About Us

The Muse staff

VISION STATEMENT

The Muse contributes to a strong community by inspiring a passion for our history, arts and culture.

MISSION STATEMENT

To achieve the Vision by:

  • Being a cultural hub of relevance
  • Valuing and fostering respectful partnerships and relationships
  • Preserving, promoting and sharing our heritage
  • Inspiring life-long learning
  • Maintaining employee and financial stability.

ACKNOWLEDGEMENT AND COMMITMENT STATEMENT

We acknowledge that the land on which The Muse is set is the traditional territory of the Anishinaabe, territory covered by Treaty #3, signed in 1873, and the Treaty Adhesion signed by the Métis in 1875.

The Muse commits to embrace and live the values known as The Seven Grandfathers – respect, love, truth, bravery, wisdom, generosity and humility – values we all esteem. It is our commitment that we will, to the best of our ability, live out these values in our work and purposes so that we can build and strengthen relationships with Indigenous communities and individuals; represent their history and culture accurately and respectively; involve their members in our work from a position of humility and an attitude of learning so that what we do and present here at the Museum and at the Art Centre will be honest and honouring.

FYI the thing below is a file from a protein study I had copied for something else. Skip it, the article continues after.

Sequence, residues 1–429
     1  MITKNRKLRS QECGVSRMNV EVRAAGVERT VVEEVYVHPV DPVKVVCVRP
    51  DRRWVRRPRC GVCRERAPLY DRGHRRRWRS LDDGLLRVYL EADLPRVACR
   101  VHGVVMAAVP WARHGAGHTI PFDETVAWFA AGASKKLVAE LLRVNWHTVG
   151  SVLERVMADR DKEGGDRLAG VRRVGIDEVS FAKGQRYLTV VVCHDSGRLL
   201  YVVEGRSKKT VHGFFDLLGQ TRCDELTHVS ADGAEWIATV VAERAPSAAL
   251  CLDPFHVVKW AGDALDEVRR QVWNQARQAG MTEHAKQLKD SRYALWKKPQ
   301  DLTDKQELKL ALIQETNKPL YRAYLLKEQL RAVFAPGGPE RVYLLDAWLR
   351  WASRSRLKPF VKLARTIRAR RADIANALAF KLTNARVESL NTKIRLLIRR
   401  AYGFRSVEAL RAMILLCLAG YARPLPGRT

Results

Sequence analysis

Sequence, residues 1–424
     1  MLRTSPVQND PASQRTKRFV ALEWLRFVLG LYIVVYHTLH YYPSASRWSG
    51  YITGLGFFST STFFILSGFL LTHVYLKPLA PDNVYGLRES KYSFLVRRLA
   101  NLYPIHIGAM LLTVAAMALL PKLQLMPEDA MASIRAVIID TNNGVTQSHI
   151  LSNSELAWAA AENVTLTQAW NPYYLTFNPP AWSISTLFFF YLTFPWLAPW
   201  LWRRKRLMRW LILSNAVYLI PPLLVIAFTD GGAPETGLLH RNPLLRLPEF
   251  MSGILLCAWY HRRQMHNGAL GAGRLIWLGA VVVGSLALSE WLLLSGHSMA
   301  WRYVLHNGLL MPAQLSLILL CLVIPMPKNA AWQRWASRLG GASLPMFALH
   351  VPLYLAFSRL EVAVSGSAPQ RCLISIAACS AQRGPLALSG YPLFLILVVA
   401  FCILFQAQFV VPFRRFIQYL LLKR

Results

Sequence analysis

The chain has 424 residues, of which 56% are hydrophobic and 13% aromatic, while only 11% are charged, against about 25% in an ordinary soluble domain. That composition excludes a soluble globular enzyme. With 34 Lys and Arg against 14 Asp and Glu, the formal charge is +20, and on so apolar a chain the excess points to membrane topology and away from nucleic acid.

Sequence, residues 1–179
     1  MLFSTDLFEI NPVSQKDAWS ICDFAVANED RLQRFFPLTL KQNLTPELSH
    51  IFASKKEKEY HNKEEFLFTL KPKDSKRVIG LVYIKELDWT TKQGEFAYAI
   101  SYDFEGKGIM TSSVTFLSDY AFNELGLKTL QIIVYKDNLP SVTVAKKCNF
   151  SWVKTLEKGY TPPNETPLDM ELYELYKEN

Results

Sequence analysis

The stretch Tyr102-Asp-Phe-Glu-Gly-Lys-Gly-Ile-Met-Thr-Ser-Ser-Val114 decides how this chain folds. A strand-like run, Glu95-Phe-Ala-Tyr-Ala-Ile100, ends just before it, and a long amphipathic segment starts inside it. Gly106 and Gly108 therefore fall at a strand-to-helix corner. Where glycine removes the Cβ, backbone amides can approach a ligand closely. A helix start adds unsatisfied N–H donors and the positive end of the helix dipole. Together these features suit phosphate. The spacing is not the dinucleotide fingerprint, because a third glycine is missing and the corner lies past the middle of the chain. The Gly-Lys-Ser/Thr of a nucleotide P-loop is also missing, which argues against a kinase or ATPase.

STAFF DIRECTORY

The Muse Director
Lori Nelson
[email protected]
807-467-2202

Museum Educator
Braden Murray
[email protected]
807-467-2105

Community Engagement Officer
Marcus Jeffrey
[email protected]
807-467-2105

Art Centre Curator
Shelby Smith
[email protected]
807-467-2201

Art Centre Programmer
Tammy Zebruck
[email protected]
807-467-2201

THE MUSE BOARD (2018-2022)

  • Rita Boutette – Chair
  • Jennifer Pyzer Whetter – Vice Chair
  • Robert Bulman – Secretary-Treasurer
  • Tracy Lindstrom
  • Lorelei Van Belleghem
  • Lesley Ratchford
  • Chris Van Walleghem – Council Representative
  • Anna Harty
  • Kate Hare

ADVISORY COMMITTEES

  • The Museum Advisory Committee
  • The Art Centre Advisory Committee
  • The Indigenous Advisory Committee

Did you know?

During the Second World War German prisoners of war were brought to the Lake of the Woods area to cut wood for the local mills.  Many of the prisoners enjoyed their time in the Canadian wilderness, and a number of them immigrated to Canada when the war ended.

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